3. Sheldon
    January 20, 2011 at 2:18 pm

    Ted,
    To avoid molten lead, you can purchase 3/8 inch lead wire from any of the online PWD sites. I have used a similar design and drill the hole all the way through. Clip the lead wire and use wood putty to close off the hole.

  4. Heather Lojeski
    March 12, 2011 at 8:13 pm

    How are the Machine Screws attached ??? Super Glue???

  5. Rob
    March 13, 2011 at 8:51 am

    I use 5 minute two-part epoxy to hold the machine screws on. Set the car up on end (so gravity holds the screws in place) while it sets.

  6. Tony
    March 28, 2011 at 10:23 am

    Do you fill the cavity underneath the car that the screws are in? Do you have any pics of it when completed with nuts and washers?

  7. Keith
    March 28, 2011 at 8:14 pm

    My son just won first place in his pack. Now we have to go race against other packs on April 9, 2011. I want to thank you so much for all tips you have on your site. Everything you have on your site is excellent. We used the Luthor car, it did great. Thanks again for everything. But the best part about the whole race was, how all the kids enjoyed themselves, and the great sportsmanship. Wish us luck on the 9th.

  8. Darren
    January 12, 2012 at 10:17 pm

    I have followed the plans for the flying wedge. With the weights in the drilled holes and the machine screws, washers, and nuts, I can only get the weight up to 4.3 ounces. Any other suggestions would be appreciated. Thanks.

  9. Rob
    January 13, 2012 at 8:33 am

    Did you use lead or “storebought” weights? If you are using lead, you should be much closer to five ounces than that. The best way to get more weight fast is to use tungsten welding electrodes (.125″). You can snap them off in a vise to the right length very easily and slide them into a drilled hole of the same diameter. The only problem with these is that they are expensive, and you usually need to buy more than what you need. The next best thing to try would be the “Pinecar” stick-on weights (but their density is low, so they are not a very efficient use of space).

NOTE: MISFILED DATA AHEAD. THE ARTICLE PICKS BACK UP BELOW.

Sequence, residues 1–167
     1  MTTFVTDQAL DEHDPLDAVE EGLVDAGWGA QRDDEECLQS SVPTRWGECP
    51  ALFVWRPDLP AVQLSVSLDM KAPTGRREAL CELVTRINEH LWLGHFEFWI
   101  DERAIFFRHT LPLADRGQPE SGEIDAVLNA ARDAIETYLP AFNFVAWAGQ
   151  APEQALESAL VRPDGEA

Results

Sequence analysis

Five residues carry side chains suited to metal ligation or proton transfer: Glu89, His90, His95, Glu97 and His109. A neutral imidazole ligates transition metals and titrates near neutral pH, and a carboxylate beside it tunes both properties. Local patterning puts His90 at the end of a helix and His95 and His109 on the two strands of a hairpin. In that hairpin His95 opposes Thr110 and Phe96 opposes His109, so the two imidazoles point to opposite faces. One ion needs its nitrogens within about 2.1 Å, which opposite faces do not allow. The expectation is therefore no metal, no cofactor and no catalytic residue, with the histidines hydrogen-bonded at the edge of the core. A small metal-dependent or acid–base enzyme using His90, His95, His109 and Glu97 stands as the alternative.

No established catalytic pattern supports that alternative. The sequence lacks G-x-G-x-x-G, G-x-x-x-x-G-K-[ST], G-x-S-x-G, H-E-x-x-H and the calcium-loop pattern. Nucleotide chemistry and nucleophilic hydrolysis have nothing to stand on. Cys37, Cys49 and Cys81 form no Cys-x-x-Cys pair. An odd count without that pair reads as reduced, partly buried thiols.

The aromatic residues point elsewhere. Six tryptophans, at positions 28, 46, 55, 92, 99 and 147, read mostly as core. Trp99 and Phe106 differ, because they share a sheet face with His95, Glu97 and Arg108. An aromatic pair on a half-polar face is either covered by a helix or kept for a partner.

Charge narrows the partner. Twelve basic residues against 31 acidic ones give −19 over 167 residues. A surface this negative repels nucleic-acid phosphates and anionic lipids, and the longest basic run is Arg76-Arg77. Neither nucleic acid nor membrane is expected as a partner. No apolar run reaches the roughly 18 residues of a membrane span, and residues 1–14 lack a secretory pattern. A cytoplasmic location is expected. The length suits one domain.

10. mark
    January 13, 2012 at 11:51 am

    Hey there and what a great site. My son and I are building the wedge car and so far so good with everything we are doing. The only snag we have come across so far is on the bottom hollowing out of the car. We are a little confused with the design and how deep the cavity should be where the screws will be placed. I assume the side view of the plans go on the bottom of the block not on the side. and do they go on both sides. Don’t know if I am making any sense. Just dont want to make a bad mistake….thanks in advance..any help would be greatly appreciated….

  11. George & Payton
    January 30, 2012 at 5:39 pm

    I have a question about the flying wedge design, How far in do you come when making the cut outs underneath? I can get the depths, but don’t know how far in to cut. Thank you

  12. jay
    February 19, 2012 at 8:20 pm

    Awesome we ran the tons of was great was our first time car weighed 4.97 he took 7th overall but only 1-6 go to the district race we missed 6th by. 008 can’t wait till next year here are 2 links to our car http://tinypic.com/r/67jt6u/5. http://tinypic.com/r/2vifuas/5

  13. Brett
    February 2, 2013 at 3:52 pm

    Have you tried Pledge cleaner on the axles instead of graphite? I was told that it works as good or better. Think of the wood counters after they are cleaned.